(VTP).  draft-calhoun-vtp-protocol-00.txt, July 1996.  (work in
        progress).

    [2] Stephen E. Deering, Editor.  ICMP Router Discovery Messages.
        RFC 1256, September 1991.

    [3] Stan Hanks, Tony Li, Dino Farinacci, and Paul Traina.  Generic
        Routing Encapsulation (GRE).  RFC 1701, October 1994.

    [4] T. Li and Y. Rekhter.  Integrated Mobility Extension.
        draft-ietf-mobileip-integrated-00.txt, March 1994.  (work in
        progress).

    [5] G. Montenegro.  Tunnel Set-up Protocol (TSP).
draft-montenegro-tsp-00.txt,
        August 1997.  (work in progress).

    [6] C. Perkins.  Mobile-IP Local Registration with Hierarchical
        Foreign Agents.  draft-perkins-mobileip-hierfa-00.txt, February
        1996.  (work in progress).

    [7] Charles Perkins.  IP Encapsulation within IP.  RFC 2003, May
        1996.

    [8] Charles E. Perkins and David B. Johnson.  Route Optimization in
        Mobile-IP.  draft-ietf-mobileip-optim-07.txt, November 1997.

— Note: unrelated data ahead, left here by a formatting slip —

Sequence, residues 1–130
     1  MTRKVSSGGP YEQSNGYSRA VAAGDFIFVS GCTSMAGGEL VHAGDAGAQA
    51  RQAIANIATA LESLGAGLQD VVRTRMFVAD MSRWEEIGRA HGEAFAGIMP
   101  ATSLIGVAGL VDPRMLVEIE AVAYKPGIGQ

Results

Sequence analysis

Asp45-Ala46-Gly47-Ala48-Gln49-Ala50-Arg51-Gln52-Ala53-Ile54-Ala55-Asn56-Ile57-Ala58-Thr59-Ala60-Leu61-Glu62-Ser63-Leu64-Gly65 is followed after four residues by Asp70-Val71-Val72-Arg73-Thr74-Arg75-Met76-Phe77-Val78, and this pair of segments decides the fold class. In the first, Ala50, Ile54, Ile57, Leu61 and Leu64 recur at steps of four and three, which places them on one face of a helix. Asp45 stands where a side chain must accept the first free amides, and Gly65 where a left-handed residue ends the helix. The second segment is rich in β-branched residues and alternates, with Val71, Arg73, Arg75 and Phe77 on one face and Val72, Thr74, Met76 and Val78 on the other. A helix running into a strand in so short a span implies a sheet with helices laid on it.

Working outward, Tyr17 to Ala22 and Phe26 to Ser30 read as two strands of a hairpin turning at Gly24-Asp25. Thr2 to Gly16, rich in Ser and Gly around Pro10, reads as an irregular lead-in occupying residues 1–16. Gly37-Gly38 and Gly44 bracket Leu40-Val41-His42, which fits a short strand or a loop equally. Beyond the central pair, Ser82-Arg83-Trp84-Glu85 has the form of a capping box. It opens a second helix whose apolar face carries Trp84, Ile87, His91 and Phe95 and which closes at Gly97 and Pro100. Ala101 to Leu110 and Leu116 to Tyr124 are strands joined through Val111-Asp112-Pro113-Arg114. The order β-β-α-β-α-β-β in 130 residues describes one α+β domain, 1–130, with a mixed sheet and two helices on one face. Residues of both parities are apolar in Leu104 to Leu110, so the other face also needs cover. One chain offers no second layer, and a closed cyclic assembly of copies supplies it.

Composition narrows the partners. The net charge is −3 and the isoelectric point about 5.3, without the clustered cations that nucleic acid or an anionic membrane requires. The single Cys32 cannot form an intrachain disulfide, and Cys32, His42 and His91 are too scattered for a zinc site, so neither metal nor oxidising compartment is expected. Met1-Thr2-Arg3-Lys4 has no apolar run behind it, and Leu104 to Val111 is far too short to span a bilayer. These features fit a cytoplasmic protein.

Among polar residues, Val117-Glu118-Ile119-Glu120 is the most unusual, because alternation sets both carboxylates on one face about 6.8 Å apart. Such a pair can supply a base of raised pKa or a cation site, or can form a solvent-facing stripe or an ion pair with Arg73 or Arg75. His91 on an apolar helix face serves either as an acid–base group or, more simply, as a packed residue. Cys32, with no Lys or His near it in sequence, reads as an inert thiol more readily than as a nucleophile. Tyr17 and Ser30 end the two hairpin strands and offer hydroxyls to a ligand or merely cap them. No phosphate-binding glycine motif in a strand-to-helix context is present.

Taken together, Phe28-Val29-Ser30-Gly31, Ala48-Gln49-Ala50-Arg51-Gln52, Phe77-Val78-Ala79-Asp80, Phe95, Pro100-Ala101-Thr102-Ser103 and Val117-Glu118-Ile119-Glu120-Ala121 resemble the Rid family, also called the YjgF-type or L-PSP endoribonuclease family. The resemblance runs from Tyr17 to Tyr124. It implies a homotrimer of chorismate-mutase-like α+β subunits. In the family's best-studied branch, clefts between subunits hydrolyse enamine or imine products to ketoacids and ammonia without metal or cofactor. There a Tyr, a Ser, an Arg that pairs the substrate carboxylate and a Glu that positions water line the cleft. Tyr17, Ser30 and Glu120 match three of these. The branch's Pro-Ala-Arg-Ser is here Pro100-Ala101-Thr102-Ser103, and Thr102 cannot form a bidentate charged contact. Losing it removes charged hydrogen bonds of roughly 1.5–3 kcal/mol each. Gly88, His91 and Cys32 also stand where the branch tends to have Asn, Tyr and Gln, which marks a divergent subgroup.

(work in progress).

    [9] C. Perkins, Editor.  IP Mobility Support.  RFC 2002, October
        1996.

   [10] Joyce K. Reynolds and Jon Postel.  Assigned Numbers.  RFC 1700,
        October 1994.





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Chairs' Addresses

   The working group can be contacted via the current chairs:

      Jim Solomon
      Motorola, Inc.
      1301 E. Algonquin Road
      Schaumburg, IL 60196
      USA

      Phone:  +1-847-576-2753
      E-mail:  solomon@comm.mot.com


      Erik Nordmark
      Sun Microsystems, Inc.
      901 San Antonio Road
      Palo Alto, California 94303
      USA

      Phone:  +1 650 786-5166
      Fax:  +1 650 786-5896
      E-mail:  nordmark@sun.com



Author's Address

   Questions about this memo can be directed to:

      Pat Calhoun                        Charles E. Perkins
      Routing Consulting Engineering     Technology Development
      3com                               Sun Microcomputer Company
      Mount Prospect, IL 60056           901 San Antonio Rd.
                                         Palo Alto, California 94303

      Phone:  1-847-342-6898             1-415-786-6464
      Fax:  1-847-342-6785               1-415-786-6445
      E-mail:  pcalhoun@usr.com          charles.perkins@Sun.COM